By Dr. Eric Fruits
The state estimates that the subsidies will cost the state $167 million in 2009-11. That’s more than $20 million higher than the state’s prediction earlier this year and more than double the amount given away 2007-09. In early 2008, when the economy was still in fairly good shape and the tax credits cost only half as much, the Oregonian declared that the program was “going bonkers.”
When the program began, the subsidies accounted for only 2 percent of corporate tax receipts. In 2009-11, the state predicts it will account for 22 percent. The projected subsidies are more than three times larger than the projected state budget gap.
A study commissioned by Oregon’s Department of Energy found that some of the projects that qualify for the tax giveaways actually reduce employment and income. Commercial renewables projects such as wind and solar projects were associated with fewer jobs and lower income than if the tax credit money were spent on other state funded programs. Industrial conservation projects—ranging from bus passes to energy efficiency equipment—also had a net negative impact on employment and incomes.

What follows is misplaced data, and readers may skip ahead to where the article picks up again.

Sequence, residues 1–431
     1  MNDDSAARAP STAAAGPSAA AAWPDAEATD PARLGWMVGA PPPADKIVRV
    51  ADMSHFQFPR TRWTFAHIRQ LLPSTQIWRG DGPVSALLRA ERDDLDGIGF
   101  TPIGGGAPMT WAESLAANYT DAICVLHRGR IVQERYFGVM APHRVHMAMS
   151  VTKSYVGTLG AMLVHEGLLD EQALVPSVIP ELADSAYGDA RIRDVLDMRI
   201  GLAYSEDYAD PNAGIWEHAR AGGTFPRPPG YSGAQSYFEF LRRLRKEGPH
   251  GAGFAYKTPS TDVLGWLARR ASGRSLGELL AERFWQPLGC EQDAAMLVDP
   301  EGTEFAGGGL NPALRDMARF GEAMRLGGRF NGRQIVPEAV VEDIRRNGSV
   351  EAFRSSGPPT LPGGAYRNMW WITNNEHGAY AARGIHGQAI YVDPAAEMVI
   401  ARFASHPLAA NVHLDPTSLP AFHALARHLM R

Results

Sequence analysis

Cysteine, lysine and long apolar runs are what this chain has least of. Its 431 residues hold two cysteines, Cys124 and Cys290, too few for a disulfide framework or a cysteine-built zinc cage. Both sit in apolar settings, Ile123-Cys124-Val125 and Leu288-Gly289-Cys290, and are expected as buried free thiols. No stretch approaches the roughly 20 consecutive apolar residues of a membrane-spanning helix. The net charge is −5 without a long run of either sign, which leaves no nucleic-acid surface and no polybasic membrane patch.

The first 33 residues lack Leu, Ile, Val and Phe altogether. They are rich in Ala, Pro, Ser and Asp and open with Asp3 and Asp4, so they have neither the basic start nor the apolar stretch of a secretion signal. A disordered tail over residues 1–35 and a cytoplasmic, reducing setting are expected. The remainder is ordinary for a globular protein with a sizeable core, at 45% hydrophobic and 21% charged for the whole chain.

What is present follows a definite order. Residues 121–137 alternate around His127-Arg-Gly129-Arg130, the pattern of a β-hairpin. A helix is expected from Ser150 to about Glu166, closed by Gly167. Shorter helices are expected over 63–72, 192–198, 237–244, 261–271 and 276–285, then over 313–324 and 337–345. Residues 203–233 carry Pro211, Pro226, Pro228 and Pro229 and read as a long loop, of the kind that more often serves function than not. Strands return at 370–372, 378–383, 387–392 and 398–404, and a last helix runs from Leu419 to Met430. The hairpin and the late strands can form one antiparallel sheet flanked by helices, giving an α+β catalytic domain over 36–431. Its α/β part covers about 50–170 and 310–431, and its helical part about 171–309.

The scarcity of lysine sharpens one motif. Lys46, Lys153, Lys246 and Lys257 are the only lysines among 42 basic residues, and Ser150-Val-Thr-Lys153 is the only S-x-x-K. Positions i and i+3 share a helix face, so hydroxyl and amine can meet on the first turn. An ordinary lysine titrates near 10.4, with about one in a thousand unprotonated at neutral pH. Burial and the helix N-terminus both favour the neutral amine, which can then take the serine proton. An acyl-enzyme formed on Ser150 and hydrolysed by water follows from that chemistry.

Even with the large subsidies, some of the companies that have been drawn to Oregon by tax credits are scaling back or slowing their plans. REpower USA Corp., the sales and project management arm of a German wind turbine manufacturer, announced this month that it would relocate its U.S. headquarters from Portland to Denver because Colorado’s subsidies were better. Despite more than $30 million in government incentives, Vestas, a Danish wind turbine manufacturer, has slowed its plans to build a new headquarters in Portland.
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